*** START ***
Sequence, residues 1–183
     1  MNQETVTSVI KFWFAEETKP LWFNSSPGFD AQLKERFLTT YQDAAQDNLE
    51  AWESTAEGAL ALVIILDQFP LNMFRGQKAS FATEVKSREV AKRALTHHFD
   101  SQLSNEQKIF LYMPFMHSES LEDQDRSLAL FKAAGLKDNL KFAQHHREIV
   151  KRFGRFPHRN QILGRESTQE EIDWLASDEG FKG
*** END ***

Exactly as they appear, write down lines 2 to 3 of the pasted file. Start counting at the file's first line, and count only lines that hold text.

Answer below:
     1  MNQETVTSVI KFWFAEETKP LWFNSSPGFD AQLKERFLTT YQDAAQDNLE
    51  AWESTAEGAL ALVIILDQFP LNMFRGQKAS FATEVKSREV AKRALTHHFD